This is why local governments must handle all areas of cyber risk and create a risk management strategy to ensure peace of mind.
Staff education and training, third-party supplier evaluations, incident response planning, examination of IT security and controls, identification of essential infrastructure, and information security policies and procedures should all be part of a robust framework.
Major Cyber Risks for Councils
Whilst Councils should be prepared for a wide range of cyber attacks, the significant risks they should be prepared for include:
Phishing is a type of cyber assault that uses a disguised email as a weapon. The idea is to dupe the email recipient into thinking the message is something they want or need — a request from their bank, for example, or a letter from someone in their work — and convincing them to click a link or download an attachment.
Councils need to be very careful of phishing attacks that use Council branding and messaging to make an unwary person think that their Council is reaching out to them or asking them to click a link or download a file.
Ransomware is a type of virus that encrypts the files of a victim. The attacker then demands a ransom from the victim in exchange for restoring access to the data.
Users are shown how to pay a charge to obtain the decryption key. The charges can range from a few hundred dollars to thousands of dollars and are paid in Bitcoin or some other digital currency to hackers.
Due to the sensitivity of data that Councils manage, they are particularly prone to these attacks.
In 2020, a council in Adelaide's south was targeted with ransomware, resulting in the deactivation of a number of its systems. As a result, they lost faith in the local community and suffered substantial harm to their reputation.
A supply chain attack, also known as a value chain or third-party attack, happens when an outside partner or supplier with access to your systems and data infiltrates your system. This has substantially altered the average enterprise's attack surface in recent years, with more suppliers and service providers handling critical data than ever before.
The dangers of a supply chain attack for Councils have never been greater, thanks to new forms of attacks, more public knowledge of the vulnerabilities, and more regulatory control. Meanwhile, attackers have more resources and tools than ever before, resulting in a perfect storm.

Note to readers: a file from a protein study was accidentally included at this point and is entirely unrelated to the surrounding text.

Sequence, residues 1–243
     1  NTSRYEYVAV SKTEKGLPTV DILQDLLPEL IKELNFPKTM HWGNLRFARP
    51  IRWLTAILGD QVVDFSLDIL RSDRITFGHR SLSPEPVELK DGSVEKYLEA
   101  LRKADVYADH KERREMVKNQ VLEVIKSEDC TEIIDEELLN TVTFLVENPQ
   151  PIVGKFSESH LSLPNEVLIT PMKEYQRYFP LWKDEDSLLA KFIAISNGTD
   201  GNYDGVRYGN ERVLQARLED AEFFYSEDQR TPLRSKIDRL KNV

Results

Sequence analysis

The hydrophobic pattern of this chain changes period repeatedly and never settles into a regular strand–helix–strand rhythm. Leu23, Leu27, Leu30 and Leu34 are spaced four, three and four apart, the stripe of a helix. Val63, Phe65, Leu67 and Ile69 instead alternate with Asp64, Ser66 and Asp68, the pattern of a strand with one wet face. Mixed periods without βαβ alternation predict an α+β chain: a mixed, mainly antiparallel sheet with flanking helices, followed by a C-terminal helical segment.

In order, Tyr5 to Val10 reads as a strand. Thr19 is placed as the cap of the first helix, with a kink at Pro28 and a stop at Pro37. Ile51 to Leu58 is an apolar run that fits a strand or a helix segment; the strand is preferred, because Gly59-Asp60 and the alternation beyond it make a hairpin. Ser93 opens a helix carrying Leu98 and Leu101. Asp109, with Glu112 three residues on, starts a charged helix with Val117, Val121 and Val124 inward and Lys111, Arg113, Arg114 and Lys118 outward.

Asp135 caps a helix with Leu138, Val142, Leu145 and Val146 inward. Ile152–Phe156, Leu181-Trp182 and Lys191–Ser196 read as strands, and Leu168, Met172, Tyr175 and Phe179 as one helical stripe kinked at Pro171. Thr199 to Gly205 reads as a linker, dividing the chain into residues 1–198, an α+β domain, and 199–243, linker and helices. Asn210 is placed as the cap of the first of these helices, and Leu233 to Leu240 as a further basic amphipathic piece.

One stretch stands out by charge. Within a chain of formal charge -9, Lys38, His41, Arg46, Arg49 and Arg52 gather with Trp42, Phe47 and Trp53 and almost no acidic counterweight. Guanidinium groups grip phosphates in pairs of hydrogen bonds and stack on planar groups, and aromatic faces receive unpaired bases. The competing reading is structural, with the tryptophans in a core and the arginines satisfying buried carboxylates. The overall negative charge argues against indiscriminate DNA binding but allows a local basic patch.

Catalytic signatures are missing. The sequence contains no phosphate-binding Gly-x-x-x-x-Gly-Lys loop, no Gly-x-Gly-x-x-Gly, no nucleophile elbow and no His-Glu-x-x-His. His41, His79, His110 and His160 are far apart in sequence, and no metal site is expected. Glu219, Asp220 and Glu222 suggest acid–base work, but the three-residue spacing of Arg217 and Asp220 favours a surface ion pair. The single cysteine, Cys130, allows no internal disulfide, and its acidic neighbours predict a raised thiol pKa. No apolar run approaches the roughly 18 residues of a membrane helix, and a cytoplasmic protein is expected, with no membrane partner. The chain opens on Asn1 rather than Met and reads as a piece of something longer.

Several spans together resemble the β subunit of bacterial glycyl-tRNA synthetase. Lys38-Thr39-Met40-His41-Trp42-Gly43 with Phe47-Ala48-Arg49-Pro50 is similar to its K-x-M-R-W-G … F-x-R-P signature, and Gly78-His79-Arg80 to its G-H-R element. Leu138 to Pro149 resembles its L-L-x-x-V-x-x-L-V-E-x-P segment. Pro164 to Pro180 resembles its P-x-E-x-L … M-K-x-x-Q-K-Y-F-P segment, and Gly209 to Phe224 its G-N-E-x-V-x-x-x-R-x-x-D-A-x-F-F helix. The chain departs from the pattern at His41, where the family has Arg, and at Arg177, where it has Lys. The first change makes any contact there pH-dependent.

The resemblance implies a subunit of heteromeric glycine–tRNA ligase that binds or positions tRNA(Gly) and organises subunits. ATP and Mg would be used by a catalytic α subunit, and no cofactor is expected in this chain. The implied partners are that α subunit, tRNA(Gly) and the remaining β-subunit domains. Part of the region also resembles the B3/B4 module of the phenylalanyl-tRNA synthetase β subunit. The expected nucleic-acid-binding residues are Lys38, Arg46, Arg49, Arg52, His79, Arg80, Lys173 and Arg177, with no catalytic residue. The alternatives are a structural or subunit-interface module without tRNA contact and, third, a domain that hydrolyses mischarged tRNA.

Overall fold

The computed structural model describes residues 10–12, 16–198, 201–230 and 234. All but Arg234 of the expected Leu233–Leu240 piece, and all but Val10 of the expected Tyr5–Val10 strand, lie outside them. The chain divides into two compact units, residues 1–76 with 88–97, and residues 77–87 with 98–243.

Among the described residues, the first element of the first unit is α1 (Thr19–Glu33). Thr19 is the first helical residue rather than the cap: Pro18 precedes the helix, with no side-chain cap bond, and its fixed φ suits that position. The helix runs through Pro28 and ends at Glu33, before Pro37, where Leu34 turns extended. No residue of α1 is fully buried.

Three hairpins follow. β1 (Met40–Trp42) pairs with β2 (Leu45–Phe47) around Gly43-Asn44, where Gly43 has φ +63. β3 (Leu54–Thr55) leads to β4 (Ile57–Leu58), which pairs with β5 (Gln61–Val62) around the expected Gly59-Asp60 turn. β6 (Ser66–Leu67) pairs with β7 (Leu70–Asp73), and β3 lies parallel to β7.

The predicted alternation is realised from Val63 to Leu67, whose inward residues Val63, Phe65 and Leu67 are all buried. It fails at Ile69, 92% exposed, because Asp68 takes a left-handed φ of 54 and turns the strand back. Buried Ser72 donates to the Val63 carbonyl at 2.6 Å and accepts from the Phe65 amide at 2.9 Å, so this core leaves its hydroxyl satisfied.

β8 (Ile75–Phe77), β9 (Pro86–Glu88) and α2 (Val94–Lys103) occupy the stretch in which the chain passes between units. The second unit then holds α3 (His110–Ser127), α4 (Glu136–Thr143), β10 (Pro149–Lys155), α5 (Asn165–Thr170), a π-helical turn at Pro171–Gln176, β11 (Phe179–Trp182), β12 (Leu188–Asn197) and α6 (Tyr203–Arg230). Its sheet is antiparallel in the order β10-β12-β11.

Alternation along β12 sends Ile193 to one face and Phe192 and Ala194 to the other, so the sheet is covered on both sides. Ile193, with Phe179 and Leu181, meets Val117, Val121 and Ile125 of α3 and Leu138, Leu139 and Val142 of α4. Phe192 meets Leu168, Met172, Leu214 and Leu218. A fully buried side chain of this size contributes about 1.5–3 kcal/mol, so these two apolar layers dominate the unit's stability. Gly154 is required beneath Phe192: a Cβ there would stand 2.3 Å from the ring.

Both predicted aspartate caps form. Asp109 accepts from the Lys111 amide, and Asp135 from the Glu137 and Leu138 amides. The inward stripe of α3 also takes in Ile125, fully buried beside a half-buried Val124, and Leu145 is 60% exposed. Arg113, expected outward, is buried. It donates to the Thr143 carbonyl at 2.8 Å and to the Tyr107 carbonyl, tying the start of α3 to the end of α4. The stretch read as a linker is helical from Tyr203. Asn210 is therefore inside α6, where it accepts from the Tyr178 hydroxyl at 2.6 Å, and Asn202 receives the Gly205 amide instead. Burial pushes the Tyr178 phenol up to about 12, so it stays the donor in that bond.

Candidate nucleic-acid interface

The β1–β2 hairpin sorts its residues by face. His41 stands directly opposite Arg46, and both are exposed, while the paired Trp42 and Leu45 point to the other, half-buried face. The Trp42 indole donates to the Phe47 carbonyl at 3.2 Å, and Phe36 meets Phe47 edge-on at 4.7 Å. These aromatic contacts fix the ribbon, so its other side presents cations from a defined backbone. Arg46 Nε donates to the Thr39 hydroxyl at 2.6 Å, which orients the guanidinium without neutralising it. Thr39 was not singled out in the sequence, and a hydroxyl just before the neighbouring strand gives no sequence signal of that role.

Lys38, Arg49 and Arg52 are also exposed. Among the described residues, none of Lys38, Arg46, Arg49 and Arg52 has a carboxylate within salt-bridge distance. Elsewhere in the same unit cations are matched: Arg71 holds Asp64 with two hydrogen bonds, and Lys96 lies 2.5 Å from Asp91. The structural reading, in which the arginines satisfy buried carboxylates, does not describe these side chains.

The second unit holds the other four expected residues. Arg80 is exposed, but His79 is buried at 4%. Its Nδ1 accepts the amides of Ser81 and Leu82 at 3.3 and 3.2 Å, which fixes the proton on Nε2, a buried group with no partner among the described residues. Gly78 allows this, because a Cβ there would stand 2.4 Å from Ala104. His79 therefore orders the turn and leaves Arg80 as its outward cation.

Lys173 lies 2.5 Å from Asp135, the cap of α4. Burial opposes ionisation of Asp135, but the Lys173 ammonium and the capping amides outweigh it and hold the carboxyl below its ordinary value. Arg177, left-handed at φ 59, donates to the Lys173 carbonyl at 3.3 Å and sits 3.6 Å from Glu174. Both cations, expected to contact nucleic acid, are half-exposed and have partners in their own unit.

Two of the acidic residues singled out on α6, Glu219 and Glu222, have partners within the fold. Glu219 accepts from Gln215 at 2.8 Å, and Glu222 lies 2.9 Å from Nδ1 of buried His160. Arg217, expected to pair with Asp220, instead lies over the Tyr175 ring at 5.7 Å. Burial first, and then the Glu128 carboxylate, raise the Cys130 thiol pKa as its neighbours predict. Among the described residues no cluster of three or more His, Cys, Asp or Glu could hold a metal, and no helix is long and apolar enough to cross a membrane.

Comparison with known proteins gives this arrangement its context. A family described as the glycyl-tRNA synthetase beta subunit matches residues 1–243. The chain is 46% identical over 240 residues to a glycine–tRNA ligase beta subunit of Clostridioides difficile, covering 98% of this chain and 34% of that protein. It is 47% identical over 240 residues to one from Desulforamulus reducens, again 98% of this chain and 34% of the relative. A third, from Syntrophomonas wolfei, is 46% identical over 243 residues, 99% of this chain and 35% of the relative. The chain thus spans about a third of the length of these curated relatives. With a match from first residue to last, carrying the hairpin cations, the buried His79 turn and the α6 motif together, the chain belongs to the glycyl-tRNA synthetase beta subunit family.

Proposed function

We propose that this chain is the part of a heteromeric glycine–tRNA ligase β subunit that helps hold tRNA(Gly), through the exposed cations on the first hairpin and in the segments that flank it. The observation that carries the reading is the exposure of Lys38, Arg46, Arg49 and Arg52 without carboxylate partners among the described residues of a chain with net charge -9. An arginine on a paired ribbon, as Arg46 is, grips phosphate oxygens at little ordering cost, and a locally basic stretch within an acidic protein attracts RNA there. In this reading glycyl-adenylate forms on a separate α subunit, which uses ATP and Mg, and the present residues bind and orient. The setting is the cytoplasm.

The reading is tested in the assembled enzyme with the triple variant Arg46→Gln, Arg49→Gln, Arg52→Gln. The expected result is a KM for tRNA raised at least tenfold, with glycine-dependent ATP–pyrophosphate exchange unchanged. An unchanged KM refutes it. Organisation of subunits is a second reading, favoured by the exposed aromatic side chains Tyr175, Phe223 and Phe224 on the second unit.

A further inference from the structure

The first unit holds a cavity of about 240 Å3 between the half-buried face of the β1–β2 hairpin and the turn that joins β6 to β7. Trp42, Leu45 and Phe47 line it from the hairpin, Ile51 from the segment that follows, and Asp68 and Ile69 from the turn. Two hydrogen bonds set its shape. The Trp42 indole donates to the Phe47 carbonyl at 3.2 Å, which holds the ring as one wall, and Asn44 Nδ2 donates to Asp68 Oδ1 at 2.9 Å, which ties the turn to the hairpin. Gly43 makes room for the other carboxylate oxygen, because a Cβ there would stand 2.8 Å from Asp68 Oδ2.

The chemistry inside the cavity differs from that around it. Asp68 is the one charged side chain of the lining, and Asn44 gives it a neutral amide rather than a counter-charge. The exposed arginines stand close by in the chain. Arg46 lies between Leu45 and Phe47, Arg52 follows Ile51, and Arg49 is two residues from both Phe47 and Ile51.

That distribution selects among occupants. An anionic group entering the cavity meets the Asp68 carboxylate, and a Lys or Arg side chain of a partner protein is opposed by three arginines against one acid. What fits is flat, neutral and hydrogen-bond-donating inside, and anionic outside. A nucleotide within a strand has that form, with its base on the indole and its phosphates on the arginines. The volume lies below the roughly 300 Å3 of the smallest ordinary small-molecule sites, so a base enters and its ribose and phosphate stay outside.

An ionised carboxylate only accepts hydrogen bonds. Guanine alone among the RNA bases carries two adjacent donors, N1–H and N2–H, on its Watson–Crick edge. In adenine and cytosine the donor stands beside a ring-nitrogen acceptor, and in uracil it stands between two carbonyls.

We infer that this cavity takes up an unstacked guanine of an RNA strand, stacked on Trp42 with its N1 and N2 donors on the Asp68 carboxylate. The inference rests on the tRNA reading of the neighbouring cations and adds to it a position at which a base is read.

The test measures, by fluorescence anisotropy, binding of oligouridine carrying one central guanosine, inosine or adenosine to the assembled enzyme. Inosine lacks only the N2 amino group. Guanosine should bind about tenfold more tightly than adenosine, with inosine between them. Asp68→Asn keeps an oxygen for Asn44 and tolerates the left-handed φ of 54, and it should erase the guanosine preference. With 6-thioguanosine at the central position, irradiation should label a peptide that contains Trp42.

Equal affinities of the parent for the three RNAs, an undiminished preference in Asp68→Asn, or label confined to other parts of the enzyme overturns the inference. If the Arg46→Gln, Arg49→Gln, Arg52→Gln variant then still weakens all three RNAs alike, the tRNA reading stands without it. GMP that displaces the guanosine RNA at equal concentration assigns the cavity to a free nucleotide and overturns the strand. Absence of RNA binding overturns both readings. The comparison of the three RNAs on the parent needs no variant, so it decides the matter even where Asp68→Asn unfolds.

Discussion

While these are three major risks, it is important that Councils manage cyber risks across a wide variety of fronts to ensure their data and that of their ratepayers remain safe.
Major Cyber Risks For Residents
The major cyber risks for residents come from the type of data that Councils now collect and store.
As Councils digitise more and more of their interactions with ratepayers, including elements such as processing payments for rates and fines and collecting personal information as part of surveys, the amount of Personally Identifiable Information (PII) Councils collect and store is rising at an exponential rate.
This not only puts a big target on Council's back, but also means that the risks for residents are very real.
Once a hacker has a resident's personal information they can monetise it by:
Using the data themselves to:
purchase items online
apply for loans
access bank accounts
Selling their login credentials
Selling their PII
Selling their credit card details
Residents whose data is obtained by a cyber attack on a local Council could also be subject to identity fraud.
Managing Cyber Risk for Councils
At CyberWorqs, we are passionate about helping organisations better manage their cyber risk.
Our philosophy is simple. There is no 'one size fits all' solution when it comes to cyber security.
However, there are some general principles and practices that all Councils will benefit from and the CyberWorqs team is here to help explain them to you.
Call us today! 1300 984 340